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(1) Reading data into R directly from a URL.

Reading data into R from the web is very easy, you simply specify where the file is located with the URL in the function. There are three common functions for reading, or importing, data into R; regardless of where the data is stored. Those functions are 'read.table' (for most text files -- which have the extension .txt), 'read.csv' (for comma separated values files -- which have the extension .csv), and 'read.spss' (for SPSS data files -- which have the file extension .sav). Note however, as was discussed in the previous tutorial, when importing SPSS data files (.sav) you must first load the 'foreign' library.  

An example of reading a text (.txt) file into R and naming the data "example.3":

example.3 <- read.table("http://www.unt.edu/rss/class/Jon/R_SC/Module3/ExampleData3.txt",
   header=TRUE, sep="", na.strings="NA", dec=".", strip.white=TRUE)
summary(example.3)

Notice, the function is 'read.table'. The first argument to that function is the location of the file, in quotations, giving the URL. The 'header' argument specifies whether or not the file has a header of names as the first line (top row). The 'sep' argument specifies what character separates each data point (e.g., a space, a comma, a period, etc. between each of the columns of data). The 'na.strings' argument specifies how you want to identify missing values -- the common R default being "NA". The 'dec' argument specifies what is used for a decimal point. The 'strip.white' argument specifies whether or not the function will remove the white space from before and after unquoted character fields, it is only specified when 'sep' has been specified. The 'read.table' function can be used with comma separated value files, but the 'read.csv' file is very similar (i.e. the two functions are virtually the same accept that the 'read.csv' function does not need the 'sep' or 'strip.white' arguments).

An example of reading an SPSS (.sav) file into R and naming the data "example.1":

library(foreign)
example.1 <- read.spss("http://www.unt.edu/rss/class/Jon/R_SC/Module3/ExampleData1.sav",
   use.value.labels=TRUE, max.value.labels=Inf, to.data.frame=TRUE)
summary(example.1)

Notice above, the 'foreign' library must be loaded, perhaps SPSS data is considered foreign to R... At any rate, you'll notice the first argument to the 'read.spss' function specifies the location (URL) of the file being retrieved. The 'use.value.labels' argument specifies whether or not the values (FALSE) or value labels (TRUE) will be displayed for factor variables (i.e. grouping variables; e.g., gender; values = 1 or 2, value labels = "Male" or "Female"). Note, if this argument is set to FALSE, the variable will be considered numeric and when this argument is set to TRUE, the variable will be considered a factor. The 'max.value.labels' argument specifies how many unique valid values will be converted to value labels when a variable is converted to a factor. The 'to.data.frame' argument specifies whether or not the data will be specified as a data frame; if FALSE, then the data will simply be a matrix.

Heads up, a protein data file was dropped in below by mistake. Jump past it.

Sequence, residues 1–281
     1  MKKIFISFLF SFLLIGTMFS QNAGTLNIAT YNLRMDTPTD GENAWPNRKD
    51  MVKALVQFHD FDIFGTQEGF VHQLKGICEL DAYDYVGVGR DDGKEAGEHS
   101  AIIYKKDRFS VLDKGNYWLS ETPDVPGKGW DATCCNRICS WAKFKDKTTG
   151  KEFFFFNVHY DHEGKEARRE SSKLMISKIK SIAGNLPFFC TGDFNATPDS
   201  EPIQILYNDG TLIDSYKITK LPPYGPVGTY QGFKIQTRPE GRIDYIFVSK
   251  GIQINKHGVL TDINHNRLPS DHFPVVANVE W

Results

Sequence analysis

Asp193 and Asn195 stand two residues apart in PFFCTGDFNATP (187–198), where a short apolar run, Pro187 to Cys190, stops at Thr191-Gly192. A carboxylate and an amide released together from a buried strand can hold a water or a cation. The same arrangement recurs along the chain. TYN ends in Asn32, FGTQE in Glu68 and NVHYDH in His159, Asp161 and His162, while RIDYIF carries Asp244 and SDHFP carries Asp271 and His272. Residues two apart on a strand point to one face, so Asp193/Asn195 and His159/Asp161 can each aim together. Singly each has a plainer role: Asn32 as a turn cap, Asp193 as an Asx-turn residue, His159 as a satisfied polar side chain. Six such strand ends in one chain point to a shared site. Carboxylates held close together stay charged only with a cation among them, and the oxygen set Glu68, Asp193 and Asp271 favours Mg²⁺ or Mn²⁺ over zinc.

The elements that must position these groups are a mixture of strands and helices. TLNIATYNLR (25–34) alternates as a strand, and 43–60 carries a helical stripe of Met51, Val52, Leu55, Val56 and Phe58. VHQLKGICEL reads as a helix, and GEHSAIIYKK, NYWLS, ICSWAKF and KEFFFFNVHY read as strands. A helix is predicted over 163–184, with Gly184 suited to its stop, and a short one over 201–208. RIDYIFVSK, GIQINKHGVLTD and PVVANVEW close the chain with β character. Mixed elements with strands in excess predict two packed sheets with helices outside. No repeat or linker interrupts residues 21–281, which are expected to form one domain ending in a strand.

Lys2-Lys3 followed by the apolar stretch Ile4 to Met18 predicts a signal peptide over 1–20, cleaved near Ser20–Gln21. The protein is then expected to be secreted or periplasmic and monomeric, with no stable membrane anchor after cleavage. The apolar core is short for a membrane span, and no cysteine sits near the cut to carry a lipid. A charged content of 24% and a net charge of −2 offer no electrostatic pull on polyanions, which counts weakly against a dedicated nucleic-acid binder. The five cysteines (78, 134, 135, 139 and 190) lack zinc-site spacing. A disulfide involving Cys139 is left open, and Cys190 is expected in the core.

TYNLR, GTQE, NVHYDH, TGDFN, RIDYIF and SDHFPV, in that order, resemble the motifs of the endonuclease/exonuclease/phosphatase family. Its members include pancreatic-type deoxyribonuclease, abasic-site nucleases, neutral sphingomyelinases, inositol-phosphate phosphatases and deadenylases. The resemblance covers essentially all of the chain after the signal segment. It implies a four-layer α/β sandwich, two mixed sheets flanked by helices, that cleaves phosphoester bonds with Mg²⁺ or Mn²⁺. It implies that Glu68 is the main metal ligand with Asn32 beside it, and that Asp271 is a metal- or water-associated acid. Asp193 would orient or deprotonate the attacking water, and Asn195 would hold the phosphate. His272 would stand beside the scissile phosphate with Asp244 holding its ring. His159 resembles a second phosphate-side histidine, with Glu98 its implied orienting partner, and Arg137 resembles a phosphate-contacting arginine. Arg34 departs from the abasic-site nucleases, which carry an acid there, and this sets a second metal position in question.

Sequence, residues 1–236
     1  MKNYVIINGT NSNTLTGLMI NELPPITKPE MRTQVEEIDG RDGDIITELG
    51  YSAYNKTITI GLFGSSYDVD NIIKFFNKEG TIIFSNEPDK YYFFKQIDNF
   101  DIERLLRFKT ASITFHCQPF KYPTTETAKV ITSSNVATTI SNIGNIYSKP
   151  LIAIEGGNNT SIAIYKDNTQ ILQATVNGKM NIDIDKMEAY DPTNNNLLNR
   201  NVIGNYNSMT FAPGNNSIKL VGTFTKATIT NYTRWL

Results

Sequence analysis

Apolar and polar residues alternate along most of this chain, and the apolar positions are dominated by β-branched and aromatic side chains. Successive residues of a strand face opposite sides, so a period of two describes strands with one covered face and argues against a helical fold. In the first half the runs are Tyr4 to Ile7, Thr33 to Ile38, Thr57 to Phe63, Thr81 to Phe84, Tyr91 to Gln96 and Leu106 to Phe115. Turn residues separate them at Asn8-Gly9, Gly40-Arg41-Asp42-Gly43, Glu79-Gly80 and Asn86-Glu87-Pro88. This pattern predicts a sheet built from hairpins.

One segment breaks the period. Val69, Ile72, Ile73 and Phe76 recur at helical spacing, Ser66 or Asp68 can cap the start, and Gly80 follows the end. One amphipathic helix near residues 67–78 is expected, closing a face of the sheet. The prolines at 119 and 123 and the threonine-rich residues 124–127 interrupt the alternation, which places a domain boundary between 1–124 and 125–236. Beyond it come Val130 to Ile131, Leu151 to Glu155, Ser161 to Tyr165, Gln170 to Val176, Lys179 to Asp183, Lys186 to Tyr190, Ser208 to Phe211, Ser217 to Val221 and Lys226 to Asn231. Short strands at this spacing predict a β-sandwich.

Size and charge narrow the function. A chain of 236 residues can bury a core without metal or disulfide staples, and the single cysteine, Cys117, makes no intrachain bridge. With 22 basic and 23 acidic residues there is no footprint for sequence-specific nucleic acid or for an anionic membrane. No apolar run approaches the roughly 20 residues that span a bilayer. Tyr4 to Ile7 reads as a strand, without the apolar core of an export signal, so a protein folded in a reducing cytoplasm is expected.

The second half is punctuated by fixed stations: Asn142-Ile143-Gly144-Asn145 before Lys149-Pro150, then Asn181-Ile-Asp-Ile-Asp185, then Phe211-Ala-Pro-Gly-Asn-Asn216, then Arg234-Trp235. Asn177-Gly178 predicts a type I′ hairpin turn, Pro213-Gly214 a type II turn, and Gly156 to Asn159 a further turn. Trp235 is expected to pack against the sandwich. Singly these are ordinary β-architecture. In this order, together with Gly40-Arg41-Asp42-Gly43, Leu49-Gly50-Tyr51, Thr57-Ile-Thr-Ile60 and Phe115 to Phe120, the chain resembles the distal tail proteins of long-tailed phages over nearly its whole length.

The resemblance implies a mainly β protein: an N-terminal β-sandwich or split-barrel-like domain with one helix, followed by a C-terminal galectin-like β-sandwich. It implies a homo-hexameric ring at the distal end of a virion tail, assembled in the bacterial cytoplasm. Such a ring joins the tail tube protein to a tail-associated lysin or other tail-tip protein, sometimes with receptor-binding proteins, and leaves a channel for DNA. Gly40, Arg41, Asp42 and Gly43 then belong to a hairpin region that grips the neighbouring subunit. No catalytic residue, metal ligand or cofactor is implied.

The 'summary' function from both examples above, simply provides the minimum value, 1st quartile value, median, mean, 3rd quartile value, maximum value, and how many cells contain missing data for each numeric variable in the data. When a variable is a factor (e.g., gender), then summary returns the number of cases/rows of each level of the factor (e.g. "Males" = 103, "Females" = 121). The summary function is perhaps one of the most often used functions in R and certainly the most frequently used function on this web site. It can be applied to vectors (numeric or factor), matrices, data frames, lists, and fitted model objects (e.g., a regression model, a factor analysis, etc.). As its name implies, it simply provides a summary of whatever object is passed to it and the output (or returned values) vary widely depending on the object on which it is run.

In future tutorial notes, we will be using R console and script files; but remember all scripts can be copied and pasted into the R Console. The script files can also be downloaded and then opened with the R Console or in R Commander using ‘File’, ‘Open script file…’ in the Console or Rcmdr top task bar.

When reading the script files, you'll notice the common convention of using # to start a comment line (which is not working code), while lines without # are working code.

 

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Contact Information

Jon Starkweather, PhD

Jonathan.Starkweather@unt.edu

940-565-4066

Richard Herrington, PhD

Richard.Herrington@unt.edu

940-565-2140

Last updated: 01/21/14 by Jon Starkweather.

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